If the pro-vaxxers are demonizing anyone, it is in some proportion to the gravity of the situation. Like not having children wear seatbelts, not vaccinating children endangers them and causes some to die needlessly. Pressure and shaming seems a fairly mild response.
      There are also those who can not be vaccinated. Very young infants, the elderly, and the immune-compromised. Thru herd immunity those individuals are far better protected from these diseases.

    • Nicolaas Stempels
      Posted March 22, 2019 at 12:30 am | Permalink

      What are you insinuating, Mirandaga? Do you think it is an ‘undercover’ operation by pro-vaxxers to undermine anti-vaxxers by giving them a bad name?
      Or am I reading more in your words than you meant?

      • Nicolaas Stempels
        Posted March 22, 2019 at 12:55 am | Permalink

        ‘False flag’ is the right term, not ‘undercover’, before my morning coffee.
        Are you suspecting a false flag operation by the ‘pro-vaxxers’?

        • Posted March 22, 2019 at 11:11 am | Permalink

          “Are you suspecting a false flag operation by the ‘pro-vaxxers’?”

          In a word, yes.

          • Nicolaas Stempels
            Posted March 22, 2019 at 5:06 pm | Permalink

            That is an extremely serious accusation, do you have any evidence other than your impression (an impression I do not share, btw) that pro-vaxxers are more militant than anti-vaxxers?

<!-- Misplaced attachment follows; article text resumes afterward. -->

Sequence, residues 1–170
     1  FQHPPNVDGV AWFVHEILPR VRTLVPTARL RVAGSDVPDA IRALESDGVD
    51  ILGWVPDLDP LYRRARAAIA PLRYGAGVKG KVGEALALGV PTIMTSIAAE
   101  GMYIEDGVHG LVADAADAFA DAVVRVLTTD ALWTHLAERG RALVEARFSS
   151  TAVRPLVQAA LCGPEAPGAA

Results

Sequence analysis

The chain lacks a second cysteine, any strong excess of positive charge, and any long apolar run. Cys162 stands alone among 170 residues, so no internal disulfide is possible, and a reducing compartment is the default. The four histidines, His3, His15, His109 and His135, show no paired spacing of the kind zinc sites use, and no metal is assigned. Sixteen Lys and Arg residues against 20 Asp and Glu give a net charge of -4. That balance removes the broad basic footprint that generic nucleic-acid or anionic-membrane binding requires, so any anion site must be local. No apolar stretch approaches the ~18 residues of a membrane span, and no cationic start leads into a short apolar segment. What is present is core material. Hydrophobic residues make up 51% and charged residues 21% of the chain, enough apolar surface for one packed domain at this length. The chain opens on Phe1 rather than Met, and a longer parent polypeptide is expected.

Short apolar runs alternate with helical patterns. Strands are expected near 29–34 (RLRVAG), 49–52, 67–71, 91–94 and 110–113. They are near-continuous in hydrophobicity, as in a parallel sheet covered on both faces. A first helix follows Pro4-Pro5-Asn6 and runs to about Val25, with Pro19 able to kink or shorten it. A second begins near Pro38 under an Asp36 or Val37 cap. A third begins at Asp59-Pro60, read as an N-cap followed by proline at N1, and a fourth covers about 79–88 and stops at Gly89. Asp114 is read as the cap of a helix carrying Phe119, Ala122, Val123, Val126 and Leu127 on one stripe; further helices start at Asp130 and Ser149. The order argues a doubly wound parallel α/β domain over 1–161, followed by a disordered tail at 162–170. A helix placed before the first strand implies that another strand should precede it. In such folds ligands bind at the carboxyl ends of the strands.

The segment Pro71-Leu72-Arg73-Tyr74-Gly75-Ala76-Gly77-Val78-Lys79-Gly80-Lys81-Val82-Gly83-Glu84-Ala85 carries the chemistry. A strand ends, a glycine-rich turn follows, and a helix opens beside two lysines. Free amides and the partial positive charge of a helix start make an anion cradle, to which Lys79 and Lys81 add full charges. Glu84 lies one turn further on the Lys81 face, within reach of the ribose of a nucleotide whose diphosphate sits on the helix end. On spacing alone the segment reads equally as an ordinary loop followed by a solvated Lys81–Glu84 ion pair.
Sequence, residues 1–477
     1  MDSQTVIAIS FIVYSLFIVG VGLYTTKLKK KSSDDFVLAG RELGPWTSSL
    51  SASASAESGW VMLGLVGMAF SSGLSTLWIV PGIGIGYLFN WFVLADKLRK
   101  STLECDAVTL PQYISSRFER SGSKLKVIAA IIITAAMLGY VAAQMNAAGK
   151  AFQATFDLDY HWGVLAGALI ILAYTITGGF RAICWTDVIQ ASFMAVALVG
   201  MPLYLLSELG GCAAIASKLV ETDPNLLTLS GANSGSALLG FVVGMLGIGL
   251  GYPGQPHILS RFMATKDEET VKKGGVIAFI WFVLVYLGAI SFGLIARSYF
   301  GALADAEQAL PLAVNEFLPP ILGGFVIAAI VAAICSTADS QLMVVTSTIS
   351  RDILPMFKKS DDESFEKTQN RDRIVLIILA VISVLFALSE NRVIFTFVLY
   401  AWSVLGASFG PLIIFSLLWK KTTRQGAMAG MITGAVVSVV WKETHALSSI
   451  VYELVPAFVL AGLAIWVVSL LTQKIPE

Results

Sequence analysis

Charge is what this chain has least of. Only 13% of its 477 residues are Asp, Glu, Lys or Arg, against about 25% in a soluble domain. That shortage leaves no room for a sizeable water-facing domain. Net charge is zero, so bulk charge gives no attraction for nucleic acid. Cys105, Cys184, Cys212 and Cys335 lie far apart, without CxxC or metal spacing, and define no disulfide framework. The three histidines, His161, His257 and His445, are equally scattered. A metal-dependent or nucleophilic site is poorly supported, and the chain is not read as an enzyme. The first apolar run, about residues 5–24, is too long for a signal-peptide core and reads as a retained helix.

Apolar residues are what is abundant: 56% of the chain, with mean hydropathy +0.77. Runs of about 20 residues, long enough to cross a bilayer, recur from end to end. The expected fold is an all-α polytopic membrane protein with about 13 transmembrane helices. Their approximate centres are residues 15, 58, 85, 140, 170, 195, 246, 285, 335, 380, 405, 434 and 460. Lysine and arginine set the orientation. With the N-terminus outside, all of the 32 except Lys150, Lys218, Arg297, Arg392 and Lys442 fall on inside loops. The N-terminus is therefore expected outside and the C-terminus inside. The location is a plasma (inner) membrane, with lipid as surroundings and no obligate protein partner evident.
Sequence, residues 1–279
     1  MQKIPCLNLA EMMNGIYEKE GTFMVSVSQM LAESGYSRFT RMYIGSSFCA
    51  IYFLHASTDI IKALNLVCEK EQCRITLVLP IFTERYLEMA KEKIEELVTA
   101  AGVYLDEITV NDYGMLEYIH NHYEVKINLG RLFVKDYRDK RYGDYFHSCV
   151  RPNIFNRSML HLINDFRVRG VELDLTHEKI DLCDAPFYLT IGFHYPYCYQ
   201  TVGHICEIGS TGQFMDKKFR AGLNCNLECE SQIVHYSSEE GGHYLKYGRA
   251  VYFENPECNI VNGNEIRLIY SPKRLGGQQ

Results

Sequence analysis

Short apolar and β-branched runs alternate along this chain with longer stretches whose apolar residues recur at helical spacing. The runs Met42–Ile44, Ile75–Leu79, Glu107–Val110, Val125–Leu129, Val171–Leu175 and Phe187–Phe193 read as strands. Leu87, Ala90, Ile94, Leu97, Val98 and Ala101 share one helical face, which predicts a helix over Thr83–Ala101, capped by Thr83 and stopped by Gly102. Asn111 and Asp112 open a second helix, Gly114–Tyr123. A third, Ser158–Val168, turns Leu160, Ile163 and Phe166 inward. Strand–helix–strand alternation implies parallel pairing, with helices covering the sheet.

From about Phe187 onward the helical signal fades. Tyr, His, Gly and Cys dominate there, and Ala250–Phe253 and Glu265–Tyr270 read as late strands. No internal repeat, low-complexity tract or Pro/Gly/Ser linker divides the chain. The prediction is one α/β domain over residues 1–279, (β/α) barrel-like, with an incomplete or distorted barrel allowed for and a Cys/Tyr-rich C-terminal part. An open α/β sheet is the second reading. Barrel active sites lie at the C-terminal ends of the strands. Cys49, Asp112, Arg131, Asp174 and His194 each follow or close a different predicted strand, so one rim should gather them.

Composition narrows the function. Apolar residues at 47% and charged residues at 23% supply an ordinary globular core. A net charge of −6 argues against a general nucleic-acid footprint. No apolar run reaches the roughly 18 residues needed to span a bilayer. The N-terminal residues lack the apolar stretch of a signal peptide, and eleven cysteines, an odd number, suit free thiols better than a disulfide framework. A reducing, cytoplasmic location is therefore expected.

[Note, the comparison with seatbelts is a bad one, a comparison with DUI is more appropriate. After all, anti-vaxxers -often vaccinated themselves- threaten not just the health and lives of their own children]

    • Peter Ruark
      Posted March 23, 2019 at 10:46 pm | Permalink

      Herd immunity. The decision to not vaccinate your child is not just an individual decision.

      Why don’t we just pull up all the stop signs? What right has the government to tell us when and where to stop our vehicles?

      • Posted March 26, 2019 at 9:14 pm | Permalink

        Somewhere I remember reading something about,”for the common good…” In reference to government’s involvement with our daily lives, including stop signs. I mean, take one stop sign away and ppl won’t stop and the. Head into concoming traffic and die (or kill) and I’d say that stop sign is there “for the common good.” Or do you not think that sorta thing isn’t good?

  15. Posted March 21, 2019 at 10:35 pm | Permalink

    “Pressure and shaming seems a fairly mild response.”

    I’m not arguing for or against mandatory vaccinations, simply pointing out–as the replies tend to confirm–that it’s the pro-mandated-vaxxers who are more likely to engage in pressuring and shaming than the other way around. I think the CNN report is bogus.